Luke Scott deer

Looking deeper at Luke Scott

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Luke Scott caused a stir back in December when, during an interview with Dave Brown of Yahoo!’s Big League Stew, his belief that President Obama wasn’t born in America came out into the open.  This piqued the interest of Amy K. Nelson of ESPN, who spent some time with Orioles’ outfielder Luke Scott this spring. Her story is up today.  After recounting the birther stuff, she makes this observation:

Given all that, the simple assumption is that Scott is a right-wing nut, a borderline racist and a loudmouth redneck ballplayer who should keep his mouth shut. But it’s not that simple. Luke Scott will require a deeper line of thinking.

I think “deeper line of thinking” is the key phrasing here, because I don’t think Luke Scott is misunderstood. Just not fully understood.

Indeed, what we learned about Scott in the aftermath of the birther fiasco and in the early part of Nelson’s article is accurate, as far as it goes. While “nut” is a loaded term (each side of the spectrum has ’em), Scott is clearly right wing, and he admits that. He’s clearly a loudmouth, as his teammates freely — and amusingly — admit.  Borderline racist? Depends on how you define it, but the fact that Scott needed a handler during the interview to remind him to be careful with how he spoke about race  — and his use of the term “savage” when talking to a black Dominican teammate about his behavior — at least gives one pause.

None of which means that he should keep his mouth shut or that he’s a bad person. Being right wing was, last I checked, still allowed in this country. So too is being ignorant, as Scott’s apparent belief that Obama wasn’t born in the U.S. makes clear (he doesn’t back off those statements here).

Am I 100% comfortable with Scott’s views on race? Not really, but I don’t know that he or anyone else should care. He’s not my son’s civics teacher. His teammates and the people close to him don’t have a problem with him. Personally speaking, I  grew up with a lot of people like Scott. Even at its most uncomfortable, the stuff they say and believe doesn’t necessarily come from hate, even if it does reflect real beliefs and even if it is ignorant.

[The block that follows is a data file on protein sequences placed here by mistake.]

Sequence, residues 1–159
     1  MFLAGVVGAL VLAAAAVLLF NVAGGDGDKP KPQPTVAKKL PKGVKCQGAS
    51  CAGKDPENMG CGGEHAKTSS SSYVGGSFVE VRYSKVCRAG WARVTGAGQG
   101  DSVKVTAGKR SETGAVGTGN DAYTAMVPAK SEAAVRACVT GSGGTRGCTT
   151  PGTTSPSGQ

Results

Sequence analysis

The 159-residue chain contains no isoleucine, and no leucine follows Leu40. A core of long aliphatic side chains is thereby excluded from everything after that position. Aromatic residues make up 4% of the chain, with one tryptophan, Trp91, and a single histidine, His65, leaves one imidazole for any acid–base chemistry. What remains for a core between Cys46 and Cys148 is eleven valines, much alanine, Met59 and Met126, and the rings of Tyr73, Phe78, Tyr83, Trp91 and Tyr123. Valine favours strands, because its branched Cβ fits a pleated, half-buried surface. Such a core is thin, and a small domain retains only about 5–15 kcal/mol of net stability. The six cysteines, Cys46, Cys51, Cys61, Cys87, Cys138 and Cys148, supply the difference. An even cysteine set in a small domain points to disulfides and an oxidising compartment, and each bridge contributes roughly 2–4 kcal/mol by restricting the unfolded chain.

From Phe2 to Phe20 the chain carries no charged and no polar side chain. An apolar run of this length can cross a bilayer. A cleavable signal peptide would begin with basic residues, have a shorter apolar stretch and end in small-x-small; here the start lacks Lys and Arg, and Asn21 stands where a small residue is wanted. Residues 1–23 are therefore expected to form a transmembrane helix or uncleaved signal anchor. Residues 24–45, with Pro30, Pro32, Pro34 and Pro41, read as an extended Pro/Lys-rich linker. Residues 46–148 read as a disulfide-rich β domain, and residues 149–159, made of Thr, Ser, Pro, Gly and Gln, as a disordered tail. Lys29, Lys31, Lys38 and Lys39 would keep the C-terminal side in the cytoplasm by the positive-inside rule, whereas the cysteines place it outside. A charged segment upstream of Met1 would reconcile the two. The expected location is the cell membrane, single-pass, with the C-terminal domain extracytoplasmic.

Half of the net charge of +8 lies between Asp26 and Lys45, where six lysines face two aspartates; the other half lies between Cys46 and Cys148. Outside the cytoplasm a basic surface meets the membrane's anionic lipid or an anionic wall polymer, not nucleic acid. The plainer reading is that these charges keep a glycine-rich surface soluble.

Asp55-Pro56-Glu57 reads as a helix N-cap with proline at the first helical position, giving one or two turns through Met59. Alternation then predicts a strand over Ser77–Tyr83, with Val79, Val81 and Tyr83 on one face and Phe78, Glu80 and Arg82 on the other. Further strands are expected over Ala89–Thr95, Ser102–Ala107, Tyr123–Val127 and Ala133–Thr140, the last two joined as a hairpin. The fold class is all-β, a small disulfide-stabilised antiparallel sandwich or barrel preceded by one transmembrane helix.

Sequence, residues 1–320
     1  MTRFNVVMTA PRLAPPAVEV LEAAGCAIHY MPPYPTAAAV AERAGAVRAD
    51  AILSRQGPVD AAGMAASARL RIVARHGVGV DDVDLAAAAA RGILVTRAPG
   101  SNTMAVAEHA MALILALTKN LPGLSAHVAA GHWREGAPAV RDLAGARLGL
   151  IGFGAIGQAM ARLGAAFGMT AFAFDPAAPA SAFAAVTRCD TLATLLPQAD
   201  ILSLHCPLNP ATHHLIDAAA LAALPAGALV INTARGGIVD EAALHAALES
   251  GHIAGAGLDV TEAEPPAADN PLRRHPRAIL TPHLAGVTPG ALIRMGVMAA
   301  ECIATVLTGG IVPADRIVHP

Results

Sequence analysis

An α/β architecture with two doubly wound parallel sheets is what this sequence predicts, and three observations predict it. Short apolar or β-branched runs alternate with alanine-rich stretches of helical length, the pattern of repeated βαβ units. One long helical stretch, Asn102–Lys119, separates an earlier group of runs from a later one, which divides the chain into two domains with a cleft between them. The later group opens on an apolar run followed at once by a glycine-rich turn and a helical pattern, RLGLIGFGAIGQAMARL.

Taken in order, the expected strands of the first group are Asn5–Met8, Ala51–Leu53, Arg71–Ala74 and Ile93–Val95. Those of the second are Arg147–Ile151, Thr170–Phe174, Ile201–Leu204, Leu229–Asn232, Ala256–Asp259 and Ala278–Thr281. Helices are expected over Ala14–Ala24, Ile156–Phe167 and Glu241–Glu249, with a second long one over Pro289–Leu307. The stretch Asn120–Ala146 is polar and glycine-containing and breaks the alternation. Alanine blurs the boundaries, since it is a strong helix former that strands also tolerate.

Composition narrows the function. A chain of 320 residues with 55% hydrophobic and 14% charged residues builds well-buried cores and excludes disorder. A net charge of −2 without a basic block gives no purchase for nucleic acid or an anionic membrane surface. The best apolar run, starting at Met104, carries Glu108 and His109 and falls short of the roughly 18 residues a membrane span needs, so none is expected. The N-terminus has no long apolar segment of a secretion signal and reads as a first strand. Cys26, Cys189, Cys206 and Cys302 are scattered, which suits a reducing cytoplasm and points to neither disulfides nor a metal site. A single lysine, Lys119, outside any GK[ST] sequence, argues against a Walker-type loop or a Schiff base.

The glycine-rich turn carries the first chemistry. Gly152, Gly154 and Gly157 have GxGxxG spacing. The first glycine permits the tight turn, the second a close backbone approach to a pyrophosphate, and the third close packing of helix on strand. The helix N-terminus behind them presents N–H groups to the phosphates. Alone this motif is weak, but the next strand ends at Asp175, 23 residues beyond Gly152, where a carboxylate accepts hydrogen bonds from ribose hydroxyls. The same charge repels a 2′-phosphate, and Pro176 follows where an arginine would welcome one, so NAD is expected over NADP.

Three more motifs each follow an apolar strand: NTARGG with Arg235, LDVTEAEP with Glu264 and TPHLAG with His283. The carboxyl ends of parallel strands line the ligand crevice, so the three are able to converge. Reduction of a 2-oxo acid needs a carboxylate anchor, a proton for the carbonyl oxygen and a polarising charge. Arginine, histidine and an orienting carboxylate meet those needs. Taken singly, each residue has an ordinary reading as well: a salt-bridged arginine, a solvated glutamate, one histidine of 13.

And perhaps the biggest reason Luke Scott doesn’t bother me is revealed in what Orioles’ GM Andy MacPhail says about him:

“I’ve met a lot of people in this game who will say the right thing every time,” he says, “but maybe not act in a manner that is the most laudatory. Luke’s the opposite.”

Luke Scott says and believes crazy stuff. He keeps 114 guns in a small, temporary apartment. I’m guessing only a small segment of the HBT readership would be able to find much political, social or personal common ground with Scott.  The fact that he happens to be a good guy doesn’t change that he’s kind of wacky and the fact that he’s kind of wacky doesn’t change that he’s a good guy. Everyone is more than their political and social beliefs, and no one outside of the most cartoonish fictional villains are good or evil, black or white.

Scott is kind of a knucklehead who I’m not sure I’d invite to dinner. He’s also got a lot more complexity and likability to him than we’d expect based on how some people portrayed him after his comments to Dave Brown.  I guess what I’m saying is that nobody really knows anyone all that well, and just because he put his worst foot forward back in December doesn’t mean it wasn’t a true part of him, nor does it explain everything about him.